Malahide Castle (Irish: Caisleán Mhullach Íde), parts of which date to the 12th century, lies, with over 260 acres (1.1 km2) of remaining estate parkland (the Malahide Demesne Regional Park), close to the village of Malahide, nine miles (14 km) north of Dublin in Ireland.
The estate began in 1185, when Richard Talbot, a knight who accompanied Henry II to Ireland in 1174, was granted the 'lands and harbour of Malahide'. The oldest parts of the castle date back to the 12th century and it was home to the Talbot family for 791 years, from 1185 until 1976, the only exception being the period from 1649–60, when Oliver Cromwell granted it to Miles Corbet after the Cromwellian conquest of Ireland; Corbet was hanged following the demise of Cromwell, and the castle was restored to the Talbots. The building was notably enlarged in the reign of Edward IV, and the towers added in 1765.
The estate survived such losses as the Battle of the Boyne, when fourteen members of the owner"s family sat down to breakfast in the Great Hall, and all were dead by evening, and the Penal Laws, even though the family remained Roman Catholic until 1774.
In the 1920s the private papers of James Boswell were discovered in the castle, and sold to American collector Ralph H. Isham by Boswell"s great-great-grandson Lord Talbot de Malahide.
Malahide Castle and Demesne was eventually inherited by the 7th Baron Talbot and on his death in 1973, passed to his sister, Rose. In 1975, Rose sold the castle to the Irish State, partly to fund inheritance taxes. Many of the contents, notably furnishings, of the castle had been sold in advance leading to considerable public controversy, but private and governmental parties were able to retrieve some. Rose Talbot, one of the last surviving members of the Talbot family died at Malahide House, Tasmania in 2009. Her closest relatives, who married into the German surname Dietsch, travelled to Canada and the United States of America. Members of the Dietsch family still live in the USA and Canada today.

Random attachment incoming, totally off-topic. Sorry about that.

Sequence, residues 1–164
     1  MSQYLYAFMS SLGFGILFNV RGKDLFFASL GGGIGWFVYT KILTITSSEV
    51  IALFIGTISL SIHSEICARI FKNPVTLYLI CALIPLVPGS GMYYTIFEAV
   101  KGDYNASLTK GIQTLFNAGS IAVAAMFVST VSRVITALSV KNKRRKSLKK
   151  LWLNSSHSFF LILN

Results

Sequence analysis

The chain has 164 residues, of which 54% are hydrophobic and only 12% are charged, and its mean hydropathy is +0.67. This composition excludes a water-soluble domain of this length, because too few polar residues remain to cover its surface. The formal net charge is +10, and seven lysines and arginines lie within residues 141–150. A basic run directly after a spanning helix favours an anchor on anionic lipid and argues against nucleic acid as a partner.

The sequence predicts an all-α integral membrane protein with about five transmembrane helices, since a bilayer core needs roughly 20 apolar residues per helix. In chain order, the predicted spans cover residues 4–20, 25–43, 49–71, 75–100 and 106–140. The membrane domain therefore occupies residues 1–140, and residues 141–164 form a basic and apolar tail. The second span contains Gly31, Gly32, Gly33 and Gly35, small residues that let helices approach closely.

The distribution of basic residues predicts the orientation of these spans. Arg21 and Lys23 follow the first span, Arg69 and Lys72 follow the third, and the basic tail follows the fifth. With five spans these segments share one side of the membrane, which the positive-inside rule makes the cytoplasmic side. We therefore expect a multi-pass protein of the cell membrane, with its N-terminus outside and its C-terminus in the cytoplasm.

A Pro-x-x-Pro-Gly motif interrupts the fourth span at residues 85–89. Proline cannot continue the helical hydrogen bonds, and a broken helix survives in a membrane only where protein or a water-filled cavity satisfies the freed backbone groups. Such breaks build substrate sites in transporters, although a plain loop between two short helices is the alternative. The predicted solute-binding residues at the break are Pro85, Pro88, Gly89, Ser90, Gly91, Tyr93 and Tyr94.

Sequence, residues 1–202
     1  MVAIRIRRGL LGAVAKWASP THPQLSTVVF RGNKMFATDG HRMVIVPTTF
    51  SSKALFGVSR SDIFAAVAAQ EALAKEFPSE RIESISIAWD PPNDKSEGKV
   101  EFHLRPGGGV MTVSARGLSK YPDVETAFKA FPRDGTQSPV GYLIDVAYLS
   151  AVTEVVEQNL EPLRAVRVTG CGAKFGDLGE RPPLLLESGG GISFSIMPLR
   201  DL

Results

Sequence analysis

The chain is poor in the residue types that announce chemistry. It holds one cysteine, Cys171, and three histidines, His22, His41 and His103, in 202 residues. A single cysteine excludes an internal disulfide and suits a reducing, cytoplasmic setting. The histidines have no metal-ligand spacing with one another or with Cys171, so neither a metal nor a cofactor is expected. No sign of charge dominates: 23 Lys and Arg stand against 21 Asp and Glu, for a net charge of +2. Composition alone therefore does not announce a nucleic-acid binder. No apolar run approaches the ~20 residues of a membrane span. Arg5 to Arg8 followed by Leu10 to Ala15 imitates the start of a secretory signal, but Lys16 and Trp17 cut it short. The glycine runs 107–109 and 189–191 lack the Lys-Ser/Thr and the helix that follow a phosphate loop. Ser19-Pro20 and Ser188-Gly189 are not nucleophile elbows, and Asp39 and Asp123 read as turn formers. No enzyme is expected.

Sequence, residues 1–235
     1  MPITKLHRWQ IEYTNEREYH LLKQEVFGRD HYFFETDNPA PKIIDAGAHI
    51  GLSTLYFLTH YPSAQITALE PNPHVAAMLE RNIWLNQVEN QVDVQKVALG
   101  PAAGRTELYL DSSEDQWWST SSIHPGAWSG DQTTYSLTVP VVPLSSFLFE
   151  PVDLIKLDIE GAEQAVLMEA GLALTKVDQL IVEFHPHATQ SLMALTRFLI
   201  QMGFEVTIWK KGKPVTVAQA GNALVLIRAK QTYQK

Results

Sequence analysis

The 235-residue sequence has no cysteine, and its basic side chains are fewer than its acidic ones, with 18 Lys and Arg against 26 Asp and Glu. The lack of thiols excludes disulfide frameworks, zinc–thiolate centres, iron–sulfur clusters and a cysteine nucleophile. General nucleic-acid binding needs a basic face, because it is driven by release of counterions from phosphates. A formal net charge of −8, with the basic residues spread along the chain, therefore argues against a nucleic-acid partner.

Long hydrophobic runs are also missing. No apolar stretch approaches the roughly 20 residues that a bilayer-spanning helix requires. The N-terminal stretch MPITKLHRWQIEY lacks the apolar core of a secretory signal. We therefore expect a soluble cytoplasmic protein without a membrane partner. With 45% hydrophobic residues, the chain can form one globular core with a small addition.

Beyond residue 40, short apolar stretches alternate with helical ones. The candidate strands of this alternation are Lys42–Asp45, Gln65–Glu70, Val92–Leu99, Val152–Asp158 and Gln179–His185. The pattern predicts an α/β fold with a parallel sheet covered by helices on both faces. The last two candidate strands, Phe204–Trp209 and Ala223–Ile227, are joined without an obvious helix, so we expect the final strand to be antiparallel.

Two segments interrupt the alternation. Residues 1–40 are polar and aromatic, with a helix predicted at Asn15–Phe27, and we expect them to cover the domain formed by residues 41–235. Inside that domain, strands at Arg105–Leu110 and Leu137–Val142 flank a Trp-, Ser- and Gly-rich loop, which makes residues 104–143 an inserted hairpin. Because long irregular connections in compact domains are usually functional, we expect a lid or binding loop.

Easter Aquhorthies stone circle, located near Inverurie, is one of the best-preserved examples of a recumbent stone circle, and one of the few that still have their full complement of stones. It consists of a ring of nine stones, eight of which are grey granite and one red jasper. Two more grey granite stones flank a recumbent of red granite flecked with crystals and lines of quartz. The circle is particularly notable for its builders' use of polychromy in the stones, with the reddish ones situated on the SSW side and the grey ones opposite.
The placename Aquhorthies derives from a Scottish Gaelic word meaning 'field of prayer', and may indicate a 'long continuity of sanctity' between the Stone or Bronze Age circle builders and their much later Gaelic successors millennia later. The circle's surroundings were landscaped in the late 19th century, and it sits within a small fenced and walled enclosure. A stone dyke, known as a roundel, was built around the circle some time between 1847 and 1866–7.